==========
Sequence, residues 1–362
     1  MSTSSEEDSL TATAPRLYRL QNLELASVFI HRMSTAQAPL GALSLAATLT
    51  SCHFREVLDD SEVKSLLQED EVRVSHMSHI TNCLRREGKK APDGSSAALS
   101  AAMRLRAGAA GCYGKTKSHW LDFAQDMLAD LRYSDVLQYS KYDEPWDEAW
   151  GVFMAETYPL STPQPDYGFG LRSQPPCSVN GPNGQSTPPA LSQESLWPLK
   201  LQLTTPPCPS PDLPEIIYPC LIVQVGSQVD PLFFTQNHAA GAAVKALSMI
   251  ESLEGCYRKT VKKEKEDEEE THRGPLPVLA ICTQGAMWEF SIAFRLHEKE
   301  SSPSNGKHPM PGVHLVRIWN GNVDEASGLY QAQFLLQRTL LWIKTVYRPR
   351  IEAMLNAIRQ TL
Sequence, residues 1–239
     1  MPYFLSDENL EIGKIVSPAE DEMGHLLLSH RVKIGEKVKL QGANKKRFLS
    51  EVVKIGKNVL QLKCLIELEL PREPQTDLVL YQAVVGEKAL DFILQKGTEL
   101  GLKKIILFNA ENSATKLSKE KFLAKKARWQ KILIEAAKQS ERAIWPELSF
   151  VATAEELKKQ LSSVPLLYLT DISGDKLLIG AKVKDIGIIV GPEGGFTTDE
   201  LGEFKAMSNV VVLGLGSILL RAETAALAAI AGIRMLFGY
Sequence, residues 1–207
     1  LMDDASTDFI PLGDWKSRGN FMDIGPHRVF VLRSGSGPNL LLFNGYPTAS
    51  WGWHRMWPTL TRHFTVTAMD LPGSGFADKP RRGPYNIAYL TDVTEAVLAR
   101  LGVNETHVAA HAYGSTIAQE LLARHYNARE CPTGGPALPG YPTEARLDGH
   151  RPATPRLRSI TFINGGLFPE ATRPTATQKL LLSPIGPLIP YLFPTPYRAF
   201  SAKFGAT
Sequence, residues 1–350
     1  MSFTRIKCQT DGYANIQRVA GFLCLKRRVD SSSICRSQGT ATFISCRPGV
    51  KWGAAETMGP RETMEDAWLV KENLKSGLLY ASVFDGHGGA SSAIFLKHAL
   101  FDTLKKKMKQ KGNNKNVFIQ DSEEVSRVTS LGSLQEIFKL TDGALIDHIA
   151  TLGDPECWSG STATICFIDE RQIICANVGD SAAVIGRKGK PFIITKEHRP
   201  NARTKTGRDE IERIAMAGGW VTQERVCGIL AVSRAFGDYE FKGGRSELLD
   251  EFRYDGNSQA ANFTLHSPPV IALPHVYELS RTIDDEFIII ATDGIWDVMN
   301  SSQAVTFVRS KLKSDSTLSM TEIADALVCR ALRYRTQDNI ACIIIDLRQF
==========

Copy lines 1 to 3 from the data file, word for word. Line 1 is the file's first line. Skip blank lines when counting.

Sequence, residues 1–362
     1  MSTSSEEDSL TATAPRLYRL QNLELASVFI HRMSTAQAPL GALSLAATLT
    51  SCHFREVLDD SEVKSLLQED EVRVSHMSHI TNCLRREGKK APDGSSAALS